The former chief of the U.S. Capitol Police says his requests for the deployment of the National Guard were dismissed by political and military officials.

U.S. Capitol Police chief Steven Sund said he pleaded with Pentagon and Congressional leaders to send reinforcements days before Trump supporters stormed the Capitol Jan. 6.

Security officials at the House of Representatives and Senate refused six requests to call in the National Guard, Sund said in his first public statements since resigned his post following calls from House Speaker Nancy Pelosi.

Sund told The Washington Post he was alarmed by a pro-Trump demonstration number some 10,000 people and feared it may become something worse. "I am making an urgent, urgent immediate request for National Guard assistance," he told the Post. "I have got to get boots on the ground."

His requests were rejected by Army Staff director Lt. Gen. Walter Piatt who said he was worried about "bad optics," Sund told the newspaper.

"I don't like the visual of the National Guard standing a police line with the Capitol in the background," Piatt told Sund, the former police officer said, according to the Post. Piatt said he couldn't recommend Army Secretary Ryan McCarthy authorize deployment of the Guard.

Sund said House sergeant-at-arms Paul Irving was also reluctant to mobilize the Guard for the same reason. Senate sergeant-at-arms Michael Stenger suggested the Guard be informally alerted in case it was required.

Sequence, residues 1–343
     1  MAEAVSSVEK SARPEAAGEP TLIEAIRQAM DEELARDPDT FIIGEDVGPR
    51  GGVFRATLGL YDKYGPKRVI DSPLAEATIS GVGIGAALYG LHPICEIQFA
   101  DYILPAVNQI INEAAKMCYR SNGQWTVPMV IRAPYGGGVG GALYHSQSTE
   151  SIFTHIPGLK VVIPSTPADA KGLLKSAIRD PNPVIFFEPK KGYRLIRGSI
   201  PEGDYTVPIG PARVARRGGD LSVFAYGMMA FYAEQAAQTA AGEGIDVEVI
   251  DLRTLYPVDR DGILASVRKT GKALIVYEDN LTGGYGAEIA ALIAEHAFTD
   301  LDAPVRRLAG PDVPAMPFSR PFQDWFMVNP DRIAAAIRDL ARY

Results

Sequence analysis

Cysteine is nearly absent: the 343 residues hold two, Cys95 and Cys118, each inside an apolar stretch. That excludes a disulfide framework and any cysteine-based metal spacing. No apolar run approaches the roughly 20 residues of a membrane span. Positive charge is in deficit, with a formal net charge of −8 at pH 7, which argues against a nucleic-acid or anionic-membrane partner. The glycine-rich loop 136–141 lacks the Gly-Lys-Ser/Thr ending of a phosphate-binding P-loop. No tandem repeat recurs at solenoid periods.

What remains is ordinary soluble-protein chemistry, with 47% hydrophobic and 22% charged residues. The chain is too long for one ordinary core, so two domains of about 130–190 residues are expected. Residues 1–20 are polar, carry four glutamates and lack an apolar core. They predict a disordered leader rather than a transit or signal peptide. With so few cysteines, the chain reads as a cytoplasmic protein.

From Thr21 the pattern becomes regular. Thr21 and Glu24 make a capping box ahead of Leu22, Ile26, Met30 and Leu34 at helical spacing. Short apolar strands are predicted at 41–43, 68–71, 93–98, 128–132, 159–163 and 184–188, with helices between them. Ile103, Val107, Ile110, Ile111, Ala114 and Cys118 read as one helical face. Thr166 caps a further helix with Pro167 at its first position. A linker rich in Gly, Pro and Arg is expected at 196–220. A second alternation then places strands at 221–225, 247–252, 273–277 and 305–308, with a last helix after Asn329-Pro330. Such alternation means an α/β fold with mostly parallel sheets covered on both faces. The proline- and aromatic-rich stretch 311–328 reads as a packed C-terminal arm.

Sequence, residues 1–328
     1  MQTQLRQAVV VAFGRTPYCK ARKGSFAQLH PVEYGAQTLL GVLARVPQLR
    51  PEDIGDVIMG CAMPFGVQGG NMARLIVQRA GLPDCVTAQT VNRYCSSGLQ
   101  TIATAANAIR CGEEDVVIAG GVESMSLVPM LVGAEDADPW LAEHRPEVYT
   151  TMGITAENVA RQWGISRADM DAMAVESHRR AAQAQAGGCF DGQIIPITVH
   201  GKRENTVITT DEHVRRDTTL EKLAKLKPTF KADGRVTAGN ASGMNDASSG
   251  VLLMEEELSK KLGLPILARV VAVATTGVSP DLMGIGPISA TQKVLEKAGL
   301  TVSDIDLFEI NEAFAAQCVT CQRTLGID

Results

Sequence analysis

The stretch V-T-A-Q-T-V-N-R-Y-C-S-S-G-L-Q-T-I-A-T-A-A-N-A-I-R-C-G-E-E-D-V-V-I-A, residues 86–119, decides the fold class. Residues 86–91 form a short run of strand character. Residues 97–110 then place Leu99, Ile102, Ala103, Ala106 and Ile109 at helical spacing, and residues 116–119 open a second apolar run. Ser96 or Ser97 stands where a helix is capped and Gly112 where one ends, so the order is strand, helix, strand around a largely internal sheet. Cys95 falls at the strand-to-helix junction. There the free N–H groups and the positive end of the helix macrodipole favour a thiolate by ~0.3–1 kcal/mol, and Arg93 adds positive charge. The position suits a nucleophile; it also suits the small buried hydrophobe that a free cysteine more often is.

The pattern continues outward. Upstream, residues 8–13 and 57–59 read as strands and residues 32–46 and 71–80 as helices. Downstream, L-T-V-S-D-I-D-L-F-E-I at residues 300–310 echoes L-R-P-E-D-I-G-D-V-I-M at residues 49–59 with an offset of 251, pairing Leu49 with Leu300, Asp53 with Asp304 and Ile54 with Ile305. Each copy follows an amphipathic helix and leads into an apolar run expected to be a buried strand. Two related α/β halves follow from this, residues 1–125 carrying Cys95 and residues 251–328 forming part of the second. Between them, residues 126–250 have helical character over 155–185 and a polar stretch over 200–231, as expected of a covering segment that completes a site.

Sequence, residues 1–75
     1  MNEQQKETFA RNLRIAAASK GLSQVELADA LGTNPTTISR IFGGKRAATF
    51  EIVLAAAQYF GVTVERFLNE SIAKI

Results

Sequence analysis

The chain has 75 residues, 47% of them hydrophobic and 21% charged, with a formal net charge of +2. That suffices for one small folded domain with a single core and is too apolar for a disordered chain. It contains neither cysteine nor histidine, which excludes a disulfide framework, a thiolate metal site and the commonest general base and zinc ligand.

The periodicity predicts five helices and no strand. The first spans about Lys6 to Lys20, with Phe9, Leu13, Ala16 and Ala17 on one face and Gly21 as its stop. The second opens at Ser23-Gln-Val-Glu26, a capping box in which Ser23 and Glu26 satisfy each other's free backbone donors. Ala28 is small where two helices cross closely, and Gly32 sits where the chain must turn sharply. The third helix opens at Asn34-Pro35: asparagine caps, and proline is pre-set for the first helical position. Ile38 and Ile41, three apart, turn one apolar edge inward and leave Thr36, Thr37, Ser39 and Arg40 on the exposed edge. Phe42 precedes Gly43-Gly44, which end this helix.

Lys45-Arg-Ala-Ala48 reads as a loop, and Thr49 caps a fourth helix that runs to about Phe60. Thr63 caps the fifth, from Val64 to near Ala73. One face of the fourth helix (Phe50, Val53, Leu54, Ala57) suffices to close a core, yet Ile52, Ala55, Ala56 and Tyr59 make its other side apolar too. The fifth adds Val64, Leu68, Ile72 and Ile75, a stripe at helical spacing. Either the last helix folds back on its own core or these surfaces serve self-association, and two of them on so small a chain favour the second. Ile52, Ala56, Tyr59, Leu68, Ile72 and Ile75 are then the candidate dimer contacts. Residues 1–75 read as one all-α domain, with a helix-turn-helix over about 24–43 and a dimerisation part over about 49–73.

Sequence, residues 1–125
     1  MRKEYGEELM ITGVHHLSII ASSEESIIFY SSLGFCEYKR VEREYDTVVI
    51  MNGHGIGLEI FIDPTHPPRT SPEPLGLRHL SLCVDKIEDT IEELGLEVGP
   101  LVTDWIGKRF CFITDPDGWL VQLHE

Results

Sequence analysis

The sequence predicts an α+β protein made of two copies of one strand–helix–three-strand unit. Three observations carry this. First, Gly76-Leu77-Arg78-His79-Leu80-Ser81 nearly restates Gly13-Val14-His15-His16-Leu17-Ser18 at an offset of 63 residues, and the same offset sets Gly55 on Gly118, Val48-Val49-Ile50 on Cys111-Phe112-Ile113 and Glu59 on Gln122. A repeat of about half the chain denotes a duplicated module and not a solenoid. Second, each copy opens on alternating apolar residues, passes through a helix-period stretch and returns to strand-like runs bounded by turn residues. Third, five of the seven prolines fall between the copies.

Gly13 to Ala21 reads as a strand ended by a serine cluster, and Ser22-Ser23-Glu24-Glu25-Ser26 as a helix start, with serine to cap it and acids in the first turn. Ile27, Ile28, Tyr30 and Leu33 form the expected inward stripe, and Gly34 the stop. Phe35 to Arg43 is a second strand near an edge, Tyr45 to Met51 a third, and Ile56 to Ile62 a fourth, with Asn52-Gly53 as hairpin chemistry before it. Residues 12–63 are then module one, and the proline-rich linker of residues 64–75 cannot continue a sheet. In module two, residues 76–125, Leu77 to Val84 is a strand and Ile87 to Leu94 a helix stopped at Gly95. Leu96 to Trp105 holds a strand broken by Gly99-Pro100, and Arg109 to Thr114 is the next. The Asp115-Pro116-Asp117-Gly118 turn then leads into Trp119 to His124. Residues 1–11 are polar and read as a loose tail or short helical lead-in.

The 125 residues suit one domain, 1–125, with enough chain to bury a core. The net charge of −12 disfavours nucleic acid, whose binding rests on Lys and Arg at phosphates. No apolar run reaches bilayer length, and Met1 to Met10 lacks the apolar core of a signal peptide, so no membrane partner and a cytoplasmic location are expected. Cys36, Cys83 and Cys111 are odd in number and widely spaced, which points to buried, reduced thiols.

There was a three-hour delay before National Guards arrived at the Capitol Jan. 6. Scores of Capitol Police were injured during the riot and one was killed.

Both Irving and Stenger have resigned.

Sund's statement contradicts claims made by administration officials. Sund's superiors previously claimed the National Guard and other additional security support could have been provided but no one at the Capitol requested it.

Sund said the 1,400 Capitol Police contingent was overwhelmed by the mob estimated at 8,000.

"If we would have had the National Guard we could have held them at bay longer until more officers from our partner agencies could arrive," he said.

Sund said he asked Piatt to provide backup during a conference call with law-enforcement officials at about 2:26 p.m. Jan. 6.

Sund's account was corroborated by Washington Mayor Muriel Bowser's chief of staff John Falcicchio. "Literally, this guy is on the phone, I mean, crying out for help. It's burned in my memories," Falcicchio said.